James McCauley delivers John F. McMahon Memorial lecture

HEMI adjunct research scientist, James W. McCauley, recently delivered the John F. McMahon Memorial Lecture at Alfred University. This memorial lecture and award is given each year to an outstanding ceramic engineer in memory of the late John F. McMahon, an alumnus, professor, and dean of the Inamori School of Engineering. 
McCauley’s many accomplishments include being a former dean and professor of ceramic engineering at Alfred University’s New York State College of Ceramics, a senior research scientist at the United States Army Research Laboratory (ARL), and a past president of the American Ceramic Society. He has over 140 papers published, 13 books edited or co-edited, and five patents. His works have been cited over 5,000 times. 
In his lecture, McCauley presented research from HEMI’s Center for Materials in Extreme Dynamic Environments (CMEDE). CMEDE brings together academia, industry, and ARL to address the fundamental science to improve protection materials for military armor applications. McCauley’s knowledge and experience have aided the center’s success.  

HEMI Fellows awarded best papers at MS&T conference

Lori Graham-Brady, HEMI associate director and professor in the Department of Civil and Systems Engineering and KT Ramesh, the Alonzo G. Decker Professor of Science and Engineering and director of HEMI, were awarded best papers by the Journal of the American Ceramic Society. On October 11, 2022, their winning papers were presented at a special awards symposium at the Materials Science and Technology Technical Meeting and Exhibition in Pittsburgh, Pennsylvania.   

Graham-Brady’s paper is titled, “Fragmentation and Granular Transition of Ceramics for High Rate Loading,” and included co-authors Amartya Bhattacharjee and Ryan Hurley of Johns Hopkins University. 

“Models for the Behavior of Boron Carbide in Extreme Dynamic Environments,” is the title of K.T. Ramesh’s winning paper. Co-authors included: Lori Graham-Brady, Ryan Hurley, Mark Robbins, Amartya Bhattacharjee, Qinglei Zeng, Weixin Li, and Nilanjan Mitra from Johns Hopkins University; William Goddard, California Institute of Technology; Andrew Tonge, DEVCOM Army Research Laboratory; Joel Clemmer, Sandia National Laboratories; and Qi An, University of Nevada, Reno. 

Both papers were the result of research conducted in the Center for Materials in Extreme Dynamic Environments(CMEDE), a center within the Hopkins Extreme Materials Institute. Funded by the DEVCOM Army Research Laboratory, CMEDE research has developed a materials-by-design process for protection materials which have military armor applications.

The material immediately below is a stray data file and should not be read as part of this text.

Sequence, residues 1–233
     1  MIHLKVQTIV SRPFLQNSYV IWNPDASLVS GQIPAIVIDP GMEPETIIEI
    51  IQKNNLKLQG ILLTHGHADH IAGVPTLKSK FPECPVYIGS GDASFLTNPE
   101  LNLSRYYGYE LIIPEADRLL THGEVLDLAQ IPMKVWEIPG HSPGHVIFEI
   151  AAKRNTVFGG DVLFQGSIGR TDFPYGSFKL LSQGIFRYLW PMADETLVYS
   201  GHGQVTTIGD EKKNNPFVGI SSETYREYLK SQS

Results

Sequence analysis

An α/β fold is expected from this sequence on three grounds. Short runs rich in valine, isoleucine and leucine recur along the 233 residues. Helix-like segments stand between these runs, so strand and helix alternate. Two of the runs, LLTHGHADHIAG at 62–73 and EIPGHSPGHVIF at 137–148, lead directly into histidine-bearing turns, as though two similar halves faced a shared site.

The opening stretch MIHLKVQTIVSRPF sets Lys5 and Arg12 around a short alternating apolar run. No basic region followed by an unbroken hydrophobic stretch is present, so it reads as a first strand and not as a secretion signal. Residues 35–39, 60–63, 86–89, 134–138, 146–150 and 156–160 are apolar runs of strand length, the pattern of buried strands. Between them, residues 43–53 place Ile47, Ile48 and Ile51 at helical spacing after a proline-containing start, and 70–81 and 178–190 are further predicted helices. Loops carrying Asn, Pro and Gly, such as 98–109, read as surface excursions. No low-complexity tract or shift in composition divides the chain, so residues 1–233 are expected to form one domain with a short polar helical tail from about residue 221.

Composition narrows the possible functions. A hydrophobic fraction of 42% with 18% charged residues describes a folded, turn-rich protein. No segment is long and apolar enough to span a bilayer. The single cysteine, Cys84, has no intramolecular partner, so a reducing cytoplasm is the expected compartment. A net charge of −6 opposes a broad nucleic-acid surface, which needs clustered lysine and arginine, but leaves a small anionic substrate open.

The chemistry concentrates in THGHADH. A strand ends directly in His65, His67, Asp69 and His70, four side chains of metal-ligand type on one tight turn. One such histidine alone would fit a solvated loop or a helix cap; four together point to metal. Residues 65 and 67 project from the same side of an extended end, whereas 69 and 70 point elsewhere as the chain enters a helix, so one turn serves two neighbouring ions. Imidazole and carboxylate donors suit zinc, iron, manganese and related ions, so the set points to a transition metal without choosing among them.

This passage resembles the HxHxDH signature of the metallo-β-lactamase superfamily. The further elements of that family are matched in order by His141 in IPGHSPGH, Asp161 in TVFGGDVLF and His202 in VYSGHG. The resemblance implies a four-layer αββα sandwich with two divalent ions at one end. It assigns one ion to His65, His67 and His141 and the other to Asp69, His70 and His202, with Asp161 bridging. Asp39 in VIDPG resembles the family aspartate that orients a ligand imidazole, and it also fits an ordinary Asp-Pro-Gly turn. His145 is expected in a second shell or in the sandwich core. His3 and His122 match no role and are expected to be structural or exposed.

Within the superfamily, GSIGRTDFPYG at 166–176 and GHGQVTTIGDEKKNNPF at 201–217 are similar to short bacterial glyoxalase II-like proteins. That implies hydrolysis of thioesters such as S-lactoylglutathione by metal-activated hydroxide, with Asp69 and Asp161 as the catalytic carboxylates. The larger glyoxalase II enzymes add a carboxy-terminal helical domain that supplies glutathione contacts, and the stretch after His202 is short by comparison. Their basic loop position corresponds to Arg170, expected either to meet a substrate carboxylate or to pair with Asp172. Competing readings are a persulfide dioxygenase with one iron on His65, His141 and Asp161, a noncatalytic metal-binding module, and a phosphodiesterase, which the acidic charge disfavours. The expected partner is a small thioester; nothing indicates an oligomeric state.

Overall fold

HEMI leadership participates in CNR delegation visit

 Members of a delegation representing Italy’s National Research Council recently visited the Hopkins Extreme Materials Institute (HEMI) as part of a visit to Johns Hopkins hosted by Larry Nagahara, vice dean for research and translation in the Whiting School of Engineering (WSE). CNR operates under the auspices of the Italian Research Ministry and is that country’s largest public research institution focused on performing multidisciplinary activities. 

During the visit to HEMI, Lori Graham-Brady, HEMI associate director and professor in the Department  of Civil and Systems Engineering, presented the accomplishments of the Center for Materials in Extreme Dynamic Environments (CMEDE), a recently completed 10-year program focused on improving protection materials for military armor applications. CNR delegates were particularly interested in ceramic materials research and how CMEDE managed the large, 25-member consortium.  

Ramesh provided a tour of HEMI’s Hypervelocity Facility for Impact Research Experiments (HyFIRE), spotlighting the facility’s a two-stage light gas gun that can launch impactors at velocities up to 7 km/s (Mach 20) and has advanced diagnostic equipment which can capture high speed imagery. 

Italy’s CNR Delegation in front of Mason Hall.

CMEDE Completes 10-year program

Johns Hopkins University’s Center for Materials in Extreme Dynamic Environments (CMEDE), part of the Hopkins Extreme Materials Institute (HEMI), recently completed its 10-year program. Over the past decade, CMEDE was responsible for critically important advances in the development of improved protection materials and design codes/tools for armor applications and served as a model of leadership in collaborative research between academia, industry, and government. It was a model collaborative research alliance for the U.S. Army and an exemplar of a team approach to science and discovery for the U.S. Department of Defense. 

CMEDE launched in 2012 through an $85.5 million grant from the U.S. Army Research Laboratory and operated a productive and far-reaching research program that encompassed 25 international universities and research partners, all focused on integrated experimental, computational, and synthesis/processing research activities.